As a former university IT employee, I've interacted with a lot of users with problems (and emotions) of varying difficulties. Excited parents would set up their brand-new tablets only to forget the password minutes later. Confused professors hauled in their 15-year-old laptops wondering why they weren't functioning as quickly as the ones displayed. Frustrated students strode in with network connectivity issues, leading me to their embarrassing internet histories and laptop screensavers.
I worked as a Tier 1 employee and often found myself referring these people up the levels of the IT service desk chain, sometimes feeling like I was only there to cause more frustration. As a student is crying, while a parent is yelling, one can't help but think that there has to be a better way. However, if we want to optimize a process, we must first understand it.
What is the service desk process?
The IT service desk provides information and support to computer users. It involves a process that is broken down into three tiers:
Tier 1: The initial call for help. This level mainly provides simple checks such as resetting passwords or updating computers. Often users spend time discussing the issues they've been encountering while the technical support tries to solve their issue. This tier can solve basic issues, but if the problem remains unresolved, it is escalated up to Tier 2.
Tier 2: This level offers more in-depth support. This technical support team has more tools and skills to address issues that couldn't be solved by Tier 1 support.
Tier 3: This is the highest (and most expensive) level of service desk support. These are often the engineers that are skilled and considered the experts of the subject. It is not uncommon for this level to try to reproduce the problem to determine if this issue exists beyond just that specific user.
Frequently, users get stuck within these layers of service desk support wasting money, time, and patience for themselves, IT staff, and the organizations that employ the support staff.
IT service desk optimization has been a goal among companies for many years. Optimizing help desks reduces the number of tickets, hastens repairs, saves time and money, and leads to increased productivity. The process of requesting support from IT is a tale as old as time. How can companies take the next step in improving their service desk operations? The key is making use of a rich set of data.
Reduce/Prevent/Resolve with Real User Data
The best way to optimize the service desk process is to have the most privileged view in IT, the endpoint. Commonly, IT staff attempts to solve issues after the time of impact and without any historical record of what actually happened (except the account of the end user, which can vary on the truth). With the ability to track user data from the endpoint, IT can see what was happening on a system at the time of impact as well as the full current state of the system. With the new view of the end user, IT can reduce the amount of tickets, address problems proactively, and, most importantly, speed up the resolution process.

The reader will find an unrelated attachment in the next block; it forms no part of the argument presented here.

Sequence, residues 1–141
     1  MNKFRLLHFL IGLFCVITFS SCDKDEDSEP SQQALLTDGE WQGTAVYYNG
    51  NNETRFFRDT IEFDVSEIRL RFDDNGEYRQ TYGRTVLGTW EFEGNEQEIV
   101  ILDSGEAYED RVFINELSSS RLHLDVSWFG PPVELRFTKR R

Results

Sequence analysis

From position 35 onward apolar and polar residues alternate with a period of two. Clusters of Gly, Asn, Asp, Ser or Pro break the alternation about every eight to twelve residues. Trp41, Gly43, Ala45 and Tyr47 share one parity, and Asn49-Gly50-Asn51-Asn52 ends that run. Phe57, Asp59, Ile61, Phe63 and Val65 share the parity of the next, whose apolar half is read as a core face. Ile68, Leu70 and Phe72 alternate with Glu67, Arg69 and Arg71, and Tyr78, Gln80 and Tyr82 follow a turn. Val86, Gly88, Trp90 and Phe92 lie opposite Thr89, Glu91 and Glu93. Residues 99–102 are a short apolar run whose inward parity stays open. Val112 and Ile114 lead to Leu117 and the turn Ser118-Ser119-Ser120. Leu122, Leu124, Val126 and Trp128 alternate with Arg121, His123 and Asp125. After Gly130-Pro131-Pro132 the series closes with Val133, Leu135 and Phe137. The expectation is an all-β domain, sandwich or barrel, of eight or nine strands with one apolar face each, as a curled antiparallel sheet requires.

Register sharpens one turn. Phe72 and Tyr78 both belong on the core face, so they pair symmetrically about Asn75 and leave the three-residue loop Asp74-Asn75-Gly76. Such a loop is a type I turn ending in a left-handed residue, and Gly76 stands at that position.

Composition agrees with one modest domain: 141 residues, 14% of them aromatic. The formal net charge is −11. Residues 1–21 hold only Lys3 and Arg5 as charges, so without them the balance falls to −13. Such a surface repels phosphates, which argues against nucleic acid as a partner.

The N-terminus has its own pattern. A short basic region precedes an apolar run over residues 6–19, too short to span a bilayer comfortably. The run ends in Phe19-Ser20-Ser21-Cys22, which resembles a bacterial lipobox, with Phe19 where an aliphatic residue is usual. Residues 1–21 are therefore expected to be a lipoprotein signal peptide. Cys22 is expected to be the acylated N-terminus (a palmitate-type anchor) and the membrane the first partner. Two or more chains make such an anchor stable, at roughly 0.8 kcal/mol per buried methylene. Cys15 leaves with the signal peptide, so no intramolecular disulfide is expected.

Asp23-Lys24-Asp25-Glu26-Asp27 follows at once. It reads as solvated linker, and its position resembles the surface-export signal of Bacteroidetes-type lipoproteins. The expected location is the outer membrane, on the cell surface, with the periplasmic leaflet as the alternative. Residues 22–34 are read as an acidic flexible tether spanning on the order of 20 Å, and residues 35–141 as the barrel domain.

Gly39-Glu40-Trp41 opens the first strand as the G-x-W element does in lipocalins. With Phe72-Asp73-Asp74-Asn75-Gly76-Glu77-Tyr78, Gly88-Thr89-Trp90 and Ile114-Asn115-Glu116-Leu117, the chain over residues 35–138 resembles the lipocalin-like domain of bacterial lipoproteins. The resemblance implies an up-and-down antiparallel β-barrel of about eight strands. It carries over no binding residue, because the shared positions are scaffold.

Endpoint insights provide IT with the tools they need to solve an issue at a Tier 1 level instead of pushing it up levels and creating an overflow of tickets. By logging historical data, IT can understand the state of a system at the time of impact as well as its current performance. This valuable information can lead to discovery of the root cause of impact. Through this approach, support teams have access to more actionable information from the start, helping to improve first call resolution.
Continuously monitoring key performance indicators among users within the environment gives IT the power to address issues before they occur. By setting up alarms that trigger when performance deviates from an acceptable level, IT can begin automating problem resolution before a user notices an issue, leading to fewer tickets.
By viewing performance issues at the endpoint, IT can accelerate the resolution process. For example, Tier 1 support can easily identify problems by being able to see the data for a specific user instead of going through the common, generic process of 'How long have you had your laptop?' and ' When did this problem occur?'. Instead, they can easily see where the fault happened, at what time, and with what application. This will reduce redundancy and allow the service desk to identify and resolve the problem faster.
IT service desk optimization is a key component of workspace analytics. Implementing workspace analytics results in increased productivity in the service desk and beyond. When the service desk is optimized, not only are support costs lowered, but end-user issues are resolved faster. This leads to the benefit of increased confidence in support staff, encouraging users to start reporting issues (instead of ignoring them or fixing it poorly themselves), resulting in more problems being resolved. With fewer system issues, end-user experience increases, which IT can track through a quantitative score. Shorter time-to-resolution means that users spend less time with system issues and enjoy better experiences with their technology.
Linda Tsao is an applied engineer at Lakeside.